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The Human Toll

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As lawmakers grapple with limited resources to balance the state’s budget, it behooves them to consider the human toll of their deliberations.

One of many poignant examples was reported recently on the Eyewitness News.

Sara Lohmeyer has muscular dystrophy.

Because she is now 24, cuts in Medicaid have already eliminated her from receiving much-needed physical and occupational therapy. Without that muscle toning and strengthening, she has to drop out of school. Her joints and muscles are simply too tight and sore to allow her to continue.

If Medicaid is trimmed more, which is likely, Sara says her ability to survive on her own will be swept away. Her condition will deteriorate and she’ll end up in a nursing facility. With understandable emotion, she believes the state will have sentenced her to a terrible fate:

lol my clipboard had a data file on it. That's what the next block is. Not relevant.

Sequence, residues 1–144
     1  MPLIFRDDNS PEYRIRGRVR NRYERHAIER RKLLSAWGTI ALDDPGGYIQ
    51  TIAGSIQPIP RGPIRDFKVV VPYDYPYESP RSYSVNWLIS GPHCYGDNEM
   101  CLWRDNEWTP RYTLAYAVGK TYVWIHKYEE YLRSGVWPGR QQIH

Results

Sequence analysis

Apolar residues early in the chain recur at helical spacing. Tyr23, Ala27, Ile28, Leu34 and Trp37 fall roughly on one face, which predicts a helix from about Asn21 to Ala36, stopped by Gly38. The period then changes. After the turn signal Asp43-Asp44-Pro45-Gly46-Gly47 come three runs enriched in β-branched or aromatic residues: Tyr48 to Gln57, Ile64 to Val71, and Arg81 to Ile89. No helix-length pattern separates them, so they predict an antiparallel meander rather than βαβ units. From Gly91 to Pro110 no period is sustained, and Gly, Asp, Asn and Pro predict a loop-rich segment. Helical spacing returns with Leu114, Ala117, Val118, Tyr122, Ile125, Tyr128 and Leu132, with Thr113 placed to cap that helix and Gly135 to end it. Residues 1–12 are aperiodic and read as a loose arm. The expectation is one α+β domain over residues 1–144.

"Then they might as well sign my death certificate because they will kill me. Even prisoners that have life imprisonment and prisoners on death row have more access to medical care than I do right now."

The sad plight of many truly needy individuals won’t make the resources suddenly appear to meet their many needs. And lawmakers can’t allow their emotions to rule the state’s wallet. Still, the human toll of legislative action is a critical aspect for lawmakers to consider as they deal with the state’s bleak budget picture.

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